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Artist Ghislain Bruneau recreates the World Trade Center for a film at California special-effects company Atomic Fiction’s new office in Montreal, QuebecChristinne Muschi/The Globe and Mail

California visual-effects specialist Atomic Fiction is opening a facility in Montreal, as provinces compete to lure job-creating digital-media studios from south of the border.

Oakland, Ca.-based Atomic Fiction says a subsidiary opening in Montreal will be a significant operation, rivalling its home-based facility.

Co-founder Kevin Baillie says Montreal was chosen over Toronto and Vancouver – two other major visual-effects, video-game and animation centres – despite the Quebec government's decision to pare the tax credit to 36 per cent from 45 per cent.

"The 20 per cent reduction in credits was admittedly disappointing but, given our unique infrastructure and talent-forward focus, we continue to provide clients with an extremely compelling value and top-notch visuals," Mr. Baillie said.

"The credits in Montreal still remain among the best available anywhere."

Atomic Fiction uses cloud computing to create special effects, removing the need for costly on-site databases. About 100 jobs will initially be created at the Montreal studio and that number is expected to grow as it drums up more business, said Mr. Baillie, 35, who got his start in special effects working on George Lucas' Start Wars Episode 1 at the age of 18.

The Montreal studio's first project is The Walk, a new feature film by Back to the Future's Robert Zemeckis.

Atomic Fiction's decision follows that of Technicolor's Moving Picture Co. in July to expand its Montreal studio despite the downsizing of the provincial film, television and multimedia tax credits last June as part of a broader deficit-cutting effort by Philippe Couillard's Liberal government.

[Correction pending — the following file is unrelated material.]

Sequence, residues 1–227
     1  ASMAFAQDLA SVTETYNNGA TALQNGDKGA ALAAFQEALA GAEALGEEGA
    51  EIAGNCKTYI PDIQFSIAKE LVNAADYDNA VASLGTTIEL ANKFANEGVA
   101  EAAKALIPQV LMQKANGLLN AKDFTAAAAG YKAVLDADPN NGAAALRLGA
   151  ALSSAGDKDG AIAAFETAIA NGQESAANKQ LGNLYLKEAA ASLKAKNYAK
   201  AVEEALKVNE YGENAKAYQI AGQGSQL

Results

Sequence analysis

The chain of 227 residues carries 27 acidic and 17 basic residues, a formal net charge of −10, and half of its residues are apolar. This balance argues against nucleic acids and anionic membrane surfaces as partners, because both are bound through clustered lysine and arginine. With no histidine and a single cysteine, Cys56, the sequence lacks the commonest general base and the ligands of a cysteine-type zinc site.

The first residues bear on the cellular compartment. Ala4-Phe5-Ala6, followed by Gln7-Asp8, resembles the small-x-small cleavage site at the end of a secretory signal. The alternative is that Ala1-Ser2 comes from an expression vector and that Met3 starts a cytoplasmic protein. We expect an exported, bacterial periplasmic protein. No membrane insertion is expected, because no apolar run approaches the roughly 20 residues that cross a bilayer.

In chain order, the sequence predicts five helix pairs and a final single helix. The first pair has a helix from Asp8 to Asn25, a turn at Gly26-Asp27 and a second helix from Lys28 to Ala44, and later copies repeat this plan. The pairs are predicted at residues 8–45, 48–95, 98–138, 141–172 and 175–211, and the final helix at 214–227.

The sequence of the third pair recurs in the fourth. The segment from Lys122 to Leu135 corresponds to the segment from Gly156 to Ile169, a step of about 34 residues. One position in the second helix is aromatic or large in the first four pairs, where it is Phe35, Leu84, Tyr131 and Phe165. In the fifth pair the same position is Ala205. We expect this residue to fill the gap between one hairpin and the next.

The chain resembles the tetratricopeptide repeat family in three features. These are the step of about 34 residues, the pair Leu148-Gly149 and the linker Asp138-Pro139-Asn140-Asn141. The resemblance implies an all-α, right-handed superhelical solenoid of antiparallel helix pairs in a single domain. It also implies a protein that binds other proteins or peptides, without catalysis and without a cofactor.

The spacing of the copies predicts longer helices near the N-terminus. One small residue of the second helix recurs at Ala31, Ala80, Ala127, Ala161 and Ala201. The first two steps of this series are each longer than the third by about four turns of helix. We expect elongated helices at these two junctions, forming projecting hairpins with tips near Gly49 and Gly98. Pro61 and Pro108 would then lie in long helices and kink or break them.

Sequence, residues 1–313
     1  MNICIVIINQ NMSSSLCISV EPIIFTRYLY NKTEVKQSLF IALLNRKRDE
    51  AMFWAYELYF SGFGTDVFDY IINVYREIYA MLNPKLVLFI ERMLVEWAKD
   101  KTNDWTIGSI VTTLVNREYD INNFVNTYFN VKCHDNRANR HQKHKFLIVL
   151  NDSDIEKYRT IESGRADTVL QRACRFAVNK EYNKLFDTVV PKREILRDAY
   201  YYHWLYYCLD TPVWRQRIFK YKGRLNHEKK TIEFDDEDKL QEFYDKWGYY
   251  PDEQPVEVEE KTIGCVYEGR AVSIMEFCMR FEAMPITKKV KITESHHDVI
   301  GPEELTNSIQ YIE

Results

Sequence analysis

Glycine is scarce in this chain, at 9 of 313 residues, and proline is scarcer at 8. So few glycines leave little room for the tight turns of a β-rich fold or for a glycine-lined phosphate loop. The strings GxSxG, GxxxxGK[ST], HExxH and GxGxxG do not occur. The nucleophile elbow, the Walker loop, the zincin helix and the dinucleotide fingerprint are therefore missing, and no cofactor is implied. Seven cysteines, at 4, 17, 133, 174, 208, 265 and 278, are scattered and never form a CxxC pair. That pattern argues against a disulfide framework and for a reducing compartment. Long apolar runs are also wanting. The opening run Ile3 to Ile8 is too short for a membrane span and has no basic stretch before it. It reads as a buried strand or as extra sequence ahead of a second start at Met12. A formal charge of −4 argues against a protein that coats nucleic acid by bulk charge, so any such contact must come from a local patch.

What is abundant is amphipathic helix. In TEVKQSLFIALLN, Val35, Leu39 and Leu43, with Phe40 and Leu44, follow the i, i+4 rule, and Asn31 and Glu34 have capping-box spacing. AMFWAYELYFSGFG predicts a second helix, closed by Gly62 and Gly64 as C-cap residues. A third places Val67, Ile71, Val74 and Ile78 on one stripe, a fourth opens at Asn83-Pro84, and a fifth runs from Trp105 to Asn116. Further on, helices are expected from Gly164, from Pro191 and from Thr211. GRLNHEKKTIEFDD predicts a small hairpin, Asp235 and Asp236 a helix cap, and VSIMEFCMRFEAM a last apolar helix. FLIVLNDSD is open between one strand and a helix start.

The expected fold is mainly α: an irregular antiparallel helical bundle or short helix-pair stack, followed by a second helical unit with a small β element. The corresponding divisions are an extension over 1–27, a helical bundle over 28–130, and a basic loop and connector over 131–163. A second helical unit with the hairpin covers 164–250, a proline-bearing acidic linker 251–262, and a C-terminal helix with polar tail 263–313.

Quebec's main rivals, Ontario and British Columbia, offer tax credits of 45 per cent and 50.5 per cent, respectively.

Mr. Baillie, who founded Atomic Fiction four years ago with partner Ryan Judhope, says Montreal's vibrant cultural scene and deep pool of visual-effects talent were other factors in the decision to locate there.

"The vibe is just really just good and positive and open. The culture is incredibly intense and a very unique mix of French and English," Mr. Baillie said in an interview from Oakland on Thursday.

Meanwhile, Toronto and Vancouver are also scoring wins in the sector.

Last May, Sony Pictures Imageworks said it will relocate its headquarters to Vancouver.

John Allan, interim director of Queen's University's Institute of Intergovernmental Relations, said the interprovincial competition via subsidies and tax incentives has its problems.

Such policies result in a distortion of the allocation of resources and a loss of economic efficiencies, he said.

Industry critics of the policies – notably Daniel Lay, the Los Angeles activist behind VFX Soldier blog – say the tax credits amount to a "race to the bottom" as provinces and states try to outdo each other with subsidies.

"We're against having taxpayers pay for movies for U.S. producers who are down in L.A. and are very, very rich," Mr. Lay said in an interview in May.

"In one sense, you can say it is a race to the bottom," Mr. Baillie agrees.

But he believes the pattern is offset by the creation of a sector where artists "can do things they wouldn't be able to do otherwise. Subsidies do enable us to do work for filmmakers who wouldn't be able to afford it otherwise," he said.

And he adds it would be foolish for him to set up a studio in Montreal based primarily on tax credits because they can disappear quickly as new governments take over or policy changes are implemented.